Surprising conclusions drawn from report into private healthcare
The recent report by The Competition Commission into the Private Healthcare sector has drawn some surprising conclusions, with the major private hospital groups having been found to hold an unreasonable level of pricing control over the leading insurance groups, thereby artificially inflating the premiums paid by consumers.
Many in the industry would not have been surprised in the findings that the London market would benefit from more competition, nor finding that incentive payments made to consultants to encourage referrals is an industry practice which has long needed closer scrutiny.
However, the lack of competition derived from the dominance of major hospital groups in regional markets is a more controversial conclusion. Equally surprising is that the significant market share in the medical insurance market held by the two largest players, Bupa and AXA PPP is not felt to be an issue.
More detail on what needs to be addressed will be forthcoming over the coming weeks, but it is hard to see what good might come out of this for the UK healthcare sector.
Insurers and hospital groups have been at loggerheads for many years, highlighted recently by the very public pricing negotiations between BUPA and BMI Healthcare.
In early 2012 this resulted in Bupa delisting a large number of BMI Hospitals on the basis that it refused to “subsidise” BMI’s debt laden business. Whilst compromise was reached, and inevitably preferable deals for insurers struck, the damage to Bupa’s reputation was surely significant and did little to bolster their flagging number of UK customers.
Policy holders being told that they could not undergo treatment at their convenient local hospital because of the dispute created considerable concern and anxiety. There are parallels in this case: BUPA remains the UK’s dominant healthcare brand and headlines surrounding “expensive private healthcare” will surely not help their overall cause to recruit new members.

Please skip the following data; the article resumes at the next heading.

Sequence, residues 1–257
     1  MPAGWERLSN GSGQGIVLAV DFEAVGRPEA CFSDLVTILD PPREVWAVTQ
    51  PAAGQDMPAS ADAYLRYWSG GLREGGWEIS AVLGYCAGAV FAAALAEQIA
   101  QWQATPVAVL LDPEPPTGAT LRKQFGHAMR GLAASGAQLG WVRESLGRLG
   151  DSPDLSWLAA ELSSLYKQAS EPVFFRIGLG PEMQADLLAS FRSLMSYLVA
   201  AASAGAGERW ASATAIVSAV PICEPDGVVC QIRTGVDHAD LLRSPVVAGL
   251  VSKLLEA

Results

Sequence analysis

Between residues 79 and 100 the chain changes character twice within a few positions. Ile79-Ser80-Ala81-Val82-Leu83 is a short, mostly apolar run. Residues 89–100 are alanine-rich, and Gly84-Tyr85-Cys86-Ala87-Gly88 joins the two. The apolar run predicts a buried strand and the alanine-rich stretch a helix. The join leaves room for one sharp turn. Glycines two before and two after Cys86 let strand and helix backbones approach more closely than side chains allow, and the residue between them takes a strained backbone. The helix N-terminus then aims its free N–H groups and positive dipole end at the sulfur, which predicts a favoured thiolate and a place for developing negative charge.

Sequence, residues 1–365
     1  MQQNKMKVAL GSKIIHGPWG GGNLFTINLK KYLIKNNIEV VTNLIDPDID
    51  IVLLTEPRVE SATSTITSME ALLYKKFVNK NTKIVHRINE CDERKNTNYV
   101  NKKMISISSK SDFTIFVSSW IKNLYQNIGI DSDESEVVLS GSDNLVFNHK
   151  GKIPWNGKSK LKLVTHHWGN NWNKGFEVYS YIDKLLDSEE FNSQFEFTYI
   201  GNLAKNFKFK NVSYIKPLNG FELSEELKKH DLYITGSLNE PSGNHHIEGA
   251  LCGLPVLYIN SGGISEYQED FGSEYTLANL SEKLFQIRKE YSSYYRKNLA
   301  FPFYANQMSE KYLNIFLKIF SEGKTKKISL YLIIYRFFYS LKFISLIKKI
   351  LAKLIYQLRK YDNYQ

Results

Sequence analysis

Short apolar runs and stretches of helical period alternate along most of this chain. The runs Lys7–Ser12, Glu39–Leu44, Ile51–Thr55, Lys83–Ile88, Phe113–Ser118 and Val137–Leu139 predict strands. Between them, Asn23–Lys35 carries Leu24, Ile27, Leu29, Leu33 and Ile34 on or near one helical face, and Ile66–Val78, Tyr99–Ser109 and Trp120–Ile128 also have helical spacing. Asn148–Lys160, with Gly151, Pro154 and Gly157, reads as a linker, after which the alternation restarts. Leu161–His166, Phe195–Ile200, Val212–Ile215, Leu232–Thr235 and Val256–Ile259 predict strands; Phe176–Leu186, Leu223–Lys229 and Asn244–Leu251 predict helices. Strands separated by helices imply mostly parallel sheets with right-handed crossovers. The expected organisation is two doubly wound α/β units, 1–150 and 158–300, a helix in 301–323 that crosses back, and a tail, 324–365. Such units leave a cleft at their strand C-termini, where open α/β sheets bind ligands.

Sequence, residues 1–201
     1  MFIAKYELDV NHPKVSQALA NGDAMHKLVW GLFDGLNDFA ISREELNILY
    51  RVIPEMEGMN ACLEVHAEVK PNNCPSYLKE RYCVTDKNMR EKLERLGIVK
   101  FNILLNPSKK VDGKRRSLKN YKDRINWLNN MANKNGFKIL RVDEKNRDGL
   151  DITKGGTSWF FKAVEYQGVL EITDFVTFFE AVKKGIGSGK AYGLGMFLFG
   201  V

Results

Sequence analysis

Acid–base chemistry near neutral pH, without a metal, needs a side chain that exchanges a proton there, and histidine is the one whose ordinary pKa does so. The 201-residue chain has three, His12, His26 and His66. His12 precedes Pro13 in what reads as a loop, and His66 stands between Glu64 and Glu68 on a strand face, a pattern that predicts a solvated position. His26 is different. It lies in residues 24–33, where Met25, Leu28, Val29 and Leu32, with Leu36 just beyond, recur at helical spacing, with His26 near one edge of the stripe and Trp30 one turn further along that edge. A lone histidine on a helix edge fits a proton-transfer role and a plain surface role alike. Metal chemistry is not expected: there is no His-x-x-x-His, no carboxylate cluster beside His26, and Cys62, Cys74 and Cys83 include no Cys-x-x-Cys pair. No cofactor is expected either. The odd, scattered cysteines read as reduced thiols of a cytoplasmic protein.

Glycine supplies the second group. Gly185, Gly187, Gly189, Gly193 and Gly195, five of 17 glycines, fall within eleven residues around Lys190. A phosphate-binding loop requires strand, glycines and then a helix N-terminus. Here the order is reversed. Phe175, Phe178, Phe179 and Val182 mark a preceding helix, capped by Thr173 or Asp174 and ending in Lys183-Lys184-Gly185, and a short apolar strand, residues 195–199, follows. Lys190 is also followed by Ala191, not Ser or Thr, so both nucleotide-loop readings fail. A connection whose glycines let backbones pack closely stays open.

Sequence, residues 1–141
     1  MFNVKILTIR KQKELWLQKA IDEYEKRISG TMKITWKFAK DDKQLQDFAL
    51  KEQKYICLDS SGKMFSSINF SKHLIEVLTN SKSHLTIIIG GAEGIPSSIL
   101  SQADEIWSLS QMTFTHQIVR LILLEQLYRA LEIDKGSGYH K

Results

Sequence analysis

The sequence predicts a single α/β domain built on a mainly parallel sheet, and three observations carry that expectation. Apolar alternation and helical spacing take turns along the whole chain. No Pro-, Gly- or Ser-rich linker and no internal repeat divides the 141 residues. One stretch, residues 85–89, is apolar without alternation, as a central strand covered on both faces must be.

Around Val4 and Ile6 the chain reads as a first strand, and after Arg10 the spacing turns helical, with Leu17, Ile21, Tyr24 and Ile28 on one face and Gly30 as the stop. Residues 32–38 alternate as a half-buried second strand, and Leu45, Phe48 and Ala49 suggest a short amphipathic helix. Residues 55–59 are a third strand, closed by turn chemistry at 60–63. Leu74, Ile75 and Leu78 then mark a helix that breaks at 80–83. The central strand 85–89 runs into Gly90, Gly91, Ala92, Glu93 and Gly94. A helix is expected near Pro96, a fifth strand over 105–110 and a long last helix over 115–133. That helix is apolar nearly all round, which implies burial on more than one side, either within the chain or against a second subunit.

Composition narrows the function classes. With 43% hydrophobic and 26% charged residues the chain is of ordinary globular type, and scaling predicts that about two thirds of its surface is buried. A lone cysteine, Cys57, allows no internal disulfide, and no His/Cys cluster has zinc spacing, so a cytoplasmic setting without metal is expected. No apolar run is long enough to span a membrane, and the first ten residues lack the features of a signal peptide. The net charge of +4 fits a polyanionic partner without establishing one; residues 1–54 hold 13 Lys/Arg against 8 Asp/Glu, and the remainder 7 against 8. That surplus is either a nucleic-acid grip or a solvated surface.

Considering Bupa has been a major supporter of the investigation and, according to their recent comments, they are supportive of the findings, they may want to be careful they do not shoot themselves in the foot.
Currently, the Competition Commission is investigating why the premiums they have to charge to corporate and individual customers are increasing. Despite its public perception of being an organisation based on “provident” principles, Bupa is a highly commercial multi national corporation.
It used to own a significant number of private hospitals before selling its estate to private equity investors (thereby actually directly or indirectly creating much of the industry debt referred to above) and using the proceeds to fund a huge international expansion.
It is something of a surprise that Bupa’s profit margins were not viewed as being as much of a concern as the private hospital groups, especially as the market is no more competitive in insurance than in hospitals.
So what next? BMI and Spire need to sell some hospitals – but who to? These hospitals are likely to be those on the periphery of the estate, and quite probably not able to operate independently without the support of a decent sized corporate HQ and the attendant cost efficiencies.
Ramsay is reported as having a war chest, but swapping the name over the door is not going to change anything as far as the competitive landscape is concerned. There will always be a level interest from Private Equity, but at what price, and, indeed, as they will be looking for an exit, the Competition Commission is effectively saying that consolidation is not an option and that will limit its attractiveness.
Circle Health, a new entrant in the market and another driver behind the original investigation has a business model based around building brand new facilities and changing the face of the industry – buying second hand facilities is not their priority. It is not going to be viable for them or anybody else to develop brand new buildings in the vicinity of exiting hospitals struggling to operate at capacity.
What is certain is that the conclusions will take time and money to resolve. Time and money better spent on investing in private hospitals and creating a proposition that is needed to provide insured patients with a service that is clearly distinct from the NHS and worthy of a premium.